Eventually Italy came. There was no exact way to tell where the border was: no pylons, no guard houses, no razor-wired fences that made the abstract, violent idea of a nation real. Instead, even more real than a barrier, Italian boarder-guards together with their drug-sniffing dogs boarded the train, seemingly quite happy with themselves to be bothering the passengers with their barked communications. In other words, it was difficult to say if they were trying to talk to the train travellers or their smuggler-busting muts, neither of which was happy about their presence.
Then it happened. One of the guards strode towards me with swift, determinate steps, bent down towards my face and made that beseeching gesture so typical of Roman habitus: the fingers of each hand drawn together into a small blossom of flesh and nail, pointing upwards , held just in front of the face mouth-level, flipping back and forth. So much urgency condensed into one single motion: how could you?! How could I what?
“You have de tickets to de train? Please? De tickets?” the salt-and-pepper officer said, not so much impatient as in a identificational frenzy. My papers for him were a sudden matter of life-or-death. I jerked my thumb sideways towards Simi, which seemed to catch him off-guard, as she immediately produced the necessary documents. Our speedy compliance seemed to appease the nervous jackass but our friend, the Mabye-Mafioso did not get quite as lucky.
They radioed in his particulars and one, all of us in the car, could hear a staticky “negative” and the official replying “negative”, which almost certainly meant that everything was fine with the guy, they could not find anything on him, no criminal record, negative, he is clean. Thus: let him be. Instead they asked the gentle giant to please grab his belonging [that skinny, black leather purse of his] and to please follow him. “Please” as pronounced by this jerk-off of a guy was pretty much an euphemism for “Fucking do this or we’ll tear you a new one.”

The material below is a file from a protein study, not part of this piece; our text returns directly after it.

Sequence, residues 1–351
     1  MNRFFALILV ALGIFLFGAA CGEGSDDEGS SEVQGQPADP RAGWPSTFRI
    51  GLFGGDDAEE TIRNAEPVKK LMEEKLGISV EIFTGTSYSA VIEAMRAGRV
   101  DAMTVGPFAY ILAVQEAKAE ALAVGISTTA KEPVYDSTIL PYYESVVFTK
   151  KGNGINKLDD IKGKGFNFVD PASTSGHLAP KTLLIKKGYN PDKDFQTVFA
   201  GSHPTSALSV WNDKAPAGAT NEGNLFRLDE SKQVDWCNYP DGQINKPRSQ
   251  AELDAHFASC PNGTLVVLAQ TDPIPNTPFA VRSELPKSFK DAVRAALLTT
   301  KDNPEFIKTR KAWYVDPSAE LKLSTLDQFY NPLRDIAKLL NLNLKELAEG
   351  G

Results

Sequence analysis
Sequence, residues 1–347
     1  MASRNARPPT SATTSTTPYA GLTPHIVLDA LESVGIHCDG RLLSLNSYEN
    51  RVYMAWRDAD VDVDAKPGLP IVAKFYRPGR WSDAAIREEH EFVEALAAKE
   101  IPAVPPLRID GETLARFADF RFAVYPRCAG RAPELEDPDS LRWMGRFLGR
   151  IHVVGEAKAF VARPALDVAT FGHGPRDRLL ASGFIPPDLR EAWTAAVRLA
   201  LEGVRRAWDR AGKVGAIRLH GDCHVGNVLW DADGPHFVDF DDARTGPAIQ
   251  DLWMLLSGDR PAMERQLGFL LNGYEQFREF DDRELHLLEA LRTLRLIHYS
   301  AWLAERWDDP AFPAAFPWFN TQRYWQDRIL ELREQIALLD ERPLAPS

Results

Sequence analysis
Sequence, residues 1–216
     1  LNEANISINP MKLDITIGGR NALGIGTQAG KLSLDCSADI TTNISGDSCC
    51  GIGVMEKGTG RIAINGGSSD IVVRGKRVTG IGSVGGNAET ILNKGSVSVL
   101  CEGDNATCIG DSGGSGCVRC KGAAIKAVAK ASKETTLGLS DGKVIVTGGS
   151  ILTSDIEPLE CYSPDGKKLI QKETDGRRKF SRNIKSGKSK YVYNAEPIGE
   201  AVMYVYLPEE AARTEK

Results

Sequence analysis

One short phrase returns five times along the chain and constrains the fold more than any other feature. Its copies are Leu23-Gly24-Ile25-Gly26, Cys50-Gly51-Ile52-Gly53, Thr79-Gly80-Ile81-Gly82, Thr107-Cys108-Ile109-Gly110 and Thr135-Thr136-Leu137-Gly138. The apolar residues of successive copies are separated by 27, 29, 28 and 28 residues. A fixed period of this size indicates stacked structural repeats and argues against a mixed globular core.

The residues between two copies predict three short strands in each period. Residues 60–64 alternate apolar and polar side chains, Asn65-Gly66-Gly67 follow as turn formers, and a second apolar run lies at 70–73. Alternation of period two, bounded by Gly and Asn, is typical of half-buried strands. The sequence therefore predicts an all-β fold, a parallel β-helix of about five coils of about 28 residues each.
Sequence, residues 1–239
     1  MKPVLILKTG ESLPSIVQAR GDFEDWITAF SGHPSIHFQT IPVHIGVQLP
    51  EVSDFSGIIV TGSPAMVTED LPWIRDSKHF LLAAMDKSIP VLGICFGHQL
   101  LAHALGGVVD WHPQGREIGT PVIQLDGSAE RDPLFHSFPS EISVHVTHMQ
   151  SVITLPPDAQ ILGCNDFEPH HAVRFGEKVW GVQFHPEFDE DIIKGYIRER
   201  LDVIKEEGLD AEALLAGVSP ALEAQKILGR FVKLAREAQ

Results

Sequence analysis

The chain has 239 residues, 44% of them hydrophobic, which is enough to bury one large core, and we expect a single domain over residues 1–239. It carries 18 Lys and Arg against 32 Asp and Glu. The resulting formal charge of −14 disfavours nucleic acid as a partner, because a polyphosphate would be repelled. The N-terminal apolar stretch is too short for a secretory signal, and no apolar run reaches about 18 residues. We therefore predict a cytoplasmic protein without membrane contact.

Seeing the alarm in that beefy, unviolent face that perhaps his seasonal employment in Switzerland might go South, that the source for funding his children’s education might dry up I felt a sting of pity for him. I really did. And the usual disgust with the compliance officers; I could see the disgust in other train travelers’ faces too, that they could perhaps be the ones on the shitty [because anally invasive] end of this most unnecessary search. I thought to myself “This is why everybody will always hate cops”.
Only a few minutes after this scene we trundled into one of the small Italian train-stations and our composition finally did what had all along been expected of it: it stalled. For no obvious reason [e.g. tree across track, derailment, “person accident”, power shortage, etc.].
In an intermediate panic people swarmed from off of the train, in an insectoid, lucifugous way. Most of them were rendered helpless and awkward by the fact that they had to lug their baggage with them and perhaps never before in their life had performed any type of basic athletic exercise or even just rudimentary activity in excess of their own body weight [incl clothes]. They seemed surprised by the presence of weight and bulge besides that of their own hefty bodies and moved accordingly: a stampede of spasmonauts.
The replacement train was a local commuter thingie, not the Hilton Ritz among trains but good enough to get us from C to M [we got on somewhere around Chiasso and were going to get off in Milano]. The train was fine by me, it reminded me a bit of the ones in Cape Town and brought with it a gentle, laughable nostalgia for intermediate, non-violent poverty. The one you can sort-of participate in and pretend to yourself that, if worst came to worst, you’d be able to get through really hard times but fortunately do not have to [e.g. compare this to sleeping as little as two weeks in a damp township shack and realizing you couldn’t hack it a single season if it came down to it]. It allows the illusion of true solidarity with the wretched of the earth, whereas practical solidarity means wretchedness itself.